Teach Yourself Music Theory – 37.) Beginning Rules to Renaissance Counterpoint

To write appropriately within the style of the music, one must be aware of the hard and soft rules.

For Renaissance counterpoint, there are a lot of rules – some that can be broken in certain situations, and some that must stay intact at all times. These next blog posts will be a barrage of rules. But do not worry! Throughout, we will be reinforcing these rules so that they become second nature and that you won’t forget while writing.

To begin, it is worth to note that most of the pieces composed during this era were written using cut-time of a 2/1 or a 4/2 time signature. Most of these upcoming posts will attempt to stay within the limits of 4/2, but might occasionally drift into the now commonly accepted time signature of 4/4.

In addition, the music of the Renaissance era was known for its rhythmic contrast. This came from the use of agogic accents, or the secondary rhythm comprised of irregular accented syllables on beats 2 and 4.

When beginning to write a piece in the style of Renaissance counterpoint(especially in 4/2), it is good to have these rules in your pocket:

  • Compositions must begin with a note value of a dotted half-note or longer.
  • Compositions must end with a note value of a breve or longer.
  • Note values of equal length may be tied to each other, but only breves, whole notes, half notes, and occasionally quarter notes.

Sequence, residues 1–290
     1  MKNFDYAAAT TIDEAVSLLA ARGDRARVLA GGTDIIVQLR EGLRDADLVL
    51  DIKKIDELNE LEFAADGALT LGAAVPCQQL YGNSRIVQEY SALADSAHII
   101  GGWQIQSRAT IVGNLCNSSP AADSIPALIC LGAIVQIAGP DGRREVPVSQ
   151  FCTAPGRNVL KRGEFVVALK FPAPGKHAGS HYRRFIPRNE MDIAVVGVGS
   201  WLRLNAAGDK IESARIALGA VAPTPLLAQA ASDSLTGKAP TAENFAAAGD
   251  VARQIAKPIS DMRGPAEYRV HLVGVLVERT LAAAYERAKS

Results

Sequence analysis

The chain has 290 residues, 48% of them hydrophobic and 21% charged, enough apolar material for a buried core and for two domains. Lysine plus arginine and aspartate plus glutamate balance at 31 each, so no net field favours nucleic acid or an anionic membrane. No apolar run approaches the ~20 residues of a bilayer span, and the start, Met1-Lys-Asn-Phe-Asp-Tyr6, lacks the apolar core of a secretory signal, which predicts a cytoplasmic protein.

• Only in triple time may a dotted note be tied to another dotted note
  • Note values may be tired to another note half their value, but the larger value must appear first*.
  • *(Unless it is the end of the piece, then a whole note may be tied to a breve.)
  • Dotted whole notes must only be placed on beats 1 or 3.
  • Rests usually occur only on beats 1 or 3.

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Teach Yourself Music Theory – 36.) Church Modes

As we begin entering the realm of counterpoint, we need to touch upon some music history. Renaissance counterpoint will be the first destination.

Early chant, called plainsong, were composed using 8 different modes. Modes, as we have previously talked about, are scales the encompass the same pitches as a key area, but are not technically our known major or natural minor. By the 16th Century into the Renaissance era, it expanded with a few more.

These Ecclesiastical Modes, or Church Modes, define which notes are more important than others in contrapuntal musical pieces. Each modes are built off of different species of whole and half-note combinations.

There are authentic church modes, which are the “main” modes than cover a range of an octave (but can go a step out from each end of the mode). And there are a plagal church modes which are derived from the “main” modes by starting on the fifth degree above the tonic.

Church modes have their own special characteristic notes of finals (the literal “final” note of a melodic line), and dominant (the recitation tone which is held during chant).

In the picture above, the half-notes denote finals within a mode while the triangles denote dominants.

When composing, is a person uses way more than the range of the mode – it is called excessive. If the melody of the contrapuntal piece covers both the range of the authentic and plagal church modes – it is called mixed. And for those melodies that never cover the range of an octave – it is called incomplete.

Before wrapping up this post, it should be mentioned that certain scale degrees can be flattened to avoid the tritone interval, and other scale degrees can be raised for cadential purposes.

Thank you so much for taking the time to read! Feel free to comment, share, and subscribe for more daily tips below! Till next time.